Alcohol-Related Cancers and Alcohol Rehab Programs

Posted by Joe Gilmore on Nov 21, 2018 3:00:00 PM

 

According to 2015 data from the National Institute on Alcohol Abuse and Alcoholism, over 25 percent of people over the age of 18 have engaged in binge drinking in the past month. An estimated 88,000 people die each year due to alcohol-related causes. A study from 2009 found that alcohol was responsible for about 20,000 cancer deaths in the United States.

 

Alcohol is known to be a risk factor for cancers of the head and neck, liver, colon, rectum and breast. It is clear that alcohol is a major contributor to cancer mortality, resulting in about 3.5 percent of all cancer deaths in the country. Understanding that there is a definite link between alcohol consumption and cancer is important and can help people who may be more at risk due how much they drink. If you or someone you love has a problem with drinking, being aware of the risk of cancer can be enough motivation to make a change.

 

Reducing alcohol intake or cutting it out completely can be hugely beneficial for health and will massively reduce risks of being diagnosed with some types of cancer. However, quitting alcohol, or other substances, is a hard thing to do and, in some cases, can be dangerous depending how serious the drinking habit is.

 

 

How Alcohol Rehab Programs Can Help

One way to prevent the problem of alcohol-related liver diseases is to reduce the risk of even being diagnosed with the disease in the first place. Reducing drinking or stopping altogether can have a massive effect on your chances of being affected by a number of cancers.

 

People dealing with serious alcohol consumption problems are especially susceptible to alcohol-related diseases and cancers. If you or a loved one may be suffering from alcohol substance abuse issues, it may be beneficial to contact an alcohol rehab program to address the problem.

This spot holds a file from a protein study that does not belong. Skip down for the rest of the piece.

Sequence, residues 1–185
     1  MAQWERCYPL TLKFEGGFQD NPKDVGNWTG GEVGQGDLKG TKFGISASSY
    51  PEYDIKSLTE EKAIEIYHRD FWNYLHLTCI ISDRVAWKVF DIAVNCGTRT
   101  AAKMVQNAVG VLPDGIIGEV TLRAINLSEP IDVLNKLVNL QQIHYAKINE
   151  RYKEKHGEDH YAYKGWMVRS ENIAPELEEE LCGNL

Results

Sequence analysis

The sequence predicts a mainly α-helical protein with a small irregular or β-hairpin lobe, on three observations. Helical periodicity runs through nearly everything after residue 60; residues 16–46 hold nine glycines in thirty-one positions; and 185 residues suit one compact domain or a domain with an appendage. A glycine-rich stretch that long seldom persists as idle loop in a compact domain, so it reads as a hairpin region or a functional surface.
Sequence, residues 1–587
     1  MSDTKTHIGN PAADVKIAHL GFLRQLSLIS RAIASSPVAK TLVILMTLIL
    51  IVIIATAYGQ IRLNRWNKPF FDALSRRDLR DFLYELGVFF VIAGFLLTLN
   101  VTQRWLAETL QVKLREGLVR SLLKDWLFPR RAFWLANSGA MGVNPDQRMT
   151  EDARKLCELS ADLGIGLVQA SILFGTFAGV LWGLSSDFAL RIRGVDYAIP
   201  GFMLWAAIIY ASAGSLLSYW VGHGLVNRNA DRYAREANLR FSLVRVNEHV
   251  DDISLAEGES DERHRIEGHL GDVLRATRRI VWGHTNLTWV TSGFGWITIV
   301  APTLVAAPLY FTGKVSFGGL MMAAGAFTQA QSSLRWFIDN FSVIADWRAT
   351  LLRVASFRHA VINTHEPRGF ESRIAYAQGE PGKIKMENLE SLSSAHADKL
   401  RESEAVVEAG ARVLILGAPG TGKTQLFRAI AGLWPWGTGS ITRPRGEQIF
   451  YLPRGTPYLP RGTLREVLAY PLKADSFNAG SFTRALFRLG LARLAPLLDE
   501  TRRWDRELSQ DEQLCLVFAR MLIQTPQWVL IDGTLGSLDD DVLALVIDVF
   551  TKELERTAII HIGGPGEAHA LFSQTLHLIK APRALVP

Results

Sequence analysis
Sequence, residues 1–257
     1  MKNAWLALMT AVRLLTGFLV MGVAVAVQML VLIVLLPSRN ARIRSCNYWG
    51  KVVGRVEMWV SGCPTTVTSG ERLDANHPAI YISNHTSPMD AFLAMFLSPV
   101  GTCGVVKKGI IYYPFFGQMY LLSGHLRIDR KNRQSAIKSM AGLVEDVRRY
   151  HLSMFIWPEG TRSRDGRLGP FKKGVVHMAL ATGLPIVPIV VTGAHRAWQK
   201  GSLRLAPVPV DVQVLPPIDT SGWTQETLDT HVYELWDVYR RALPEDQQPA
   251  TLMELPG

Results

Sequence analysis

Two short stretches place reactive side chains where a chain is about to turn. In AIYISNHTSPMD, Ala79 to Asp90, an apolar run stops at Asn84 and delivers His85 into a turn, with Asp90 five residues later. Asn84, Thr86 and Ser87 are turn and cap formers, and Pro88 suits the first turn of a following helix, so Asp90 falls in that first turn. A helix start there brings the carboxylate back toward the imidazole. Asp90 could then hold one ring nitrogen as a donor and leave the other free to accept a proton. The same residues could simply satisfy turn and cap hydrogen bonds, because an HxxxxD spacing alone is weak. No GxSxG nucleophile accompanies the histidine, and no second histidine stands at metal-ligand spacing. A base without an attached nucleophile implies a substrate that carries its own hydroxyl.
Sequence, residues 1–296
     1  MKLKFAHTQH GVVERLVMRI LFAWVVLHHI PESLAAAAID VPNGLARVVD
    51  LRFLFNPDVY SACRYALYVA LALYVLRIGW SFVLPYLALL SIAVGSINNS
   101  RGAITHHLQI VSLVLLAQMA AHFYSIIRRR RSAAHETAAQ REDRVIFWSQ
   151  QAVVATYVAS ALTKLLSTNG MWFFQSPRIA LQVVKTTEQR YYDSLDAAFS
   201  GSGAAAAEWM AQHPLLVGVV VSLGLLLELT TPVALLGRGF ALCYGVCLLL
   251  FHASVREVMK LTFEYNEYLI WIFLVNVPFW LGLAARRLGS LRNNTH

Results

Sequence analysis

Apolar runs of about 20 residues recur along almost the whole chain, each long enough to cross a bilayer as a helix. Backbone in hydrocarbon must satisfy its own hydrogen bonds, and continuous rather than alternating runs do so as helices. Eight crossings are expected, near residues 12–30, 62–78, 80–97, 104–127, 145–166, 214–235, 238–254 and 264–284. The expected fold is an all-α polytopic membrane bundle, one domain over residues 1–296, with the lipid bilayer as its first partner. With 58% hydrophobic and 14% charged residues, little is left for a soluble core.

Going through alcohol rehabilitation can be a frightening thing, especially if you don’t know exactly what to expect. However, learning what may happen during your time in treatment can make it a more comfortable situation.

 

Depending on the severity of the alcoholism, it is likely that the patient will undergo a detoxification program when they are first admitted to the facility. When someone develops a dependence on alcohol and the drinking stops abruptly, they can develop withdrawal symptoms just 6 hours after their last drink. Going through the detox program allows the patient to get through the withdrawal symptoms under physician supervision, to ensure safety, which will allow them to focus on the psychological aspects of their disease following detox. Some symptoms that occur during alcohol withdrawal include:

 

  • Anxiety
  • Shakiness
  • Unstable changes in blood pressure and heart rate
  • Hallucinations
  • Sweating
  • Loss of Appetite

 

After the detoxification process, a patient will enter into the inpatient, or residential, care part of the treatment program. This generally takes between 30 to 90 days depending on the facility. During inpatient care, patients are supervised throughout the day by treatment professionals as they go through therapy sessions, social events and support meetings.

 

 

Group Therapy

Group therapy is an important aspect of the recovery process because it helps maintain and build social skills while discussing and confront issues related to substance abuse with others who are in similar situations. There is a wide range of topics that group therapy session cover including the 12-step process, SMART recovery and broader topics such as fighting cravings and how to avoid relapses.

 

 

Individual Therapy

As important as it is to face to problems in a group setting, individual therapy can be helpful as well. It will allow therapists or counselors to learn more about their patients on a personal level and build trust which will help give them the individualized care that they require. There are a number of topics that individual therapy will cover, including Cognitive-Behavioral Therapy, CBT.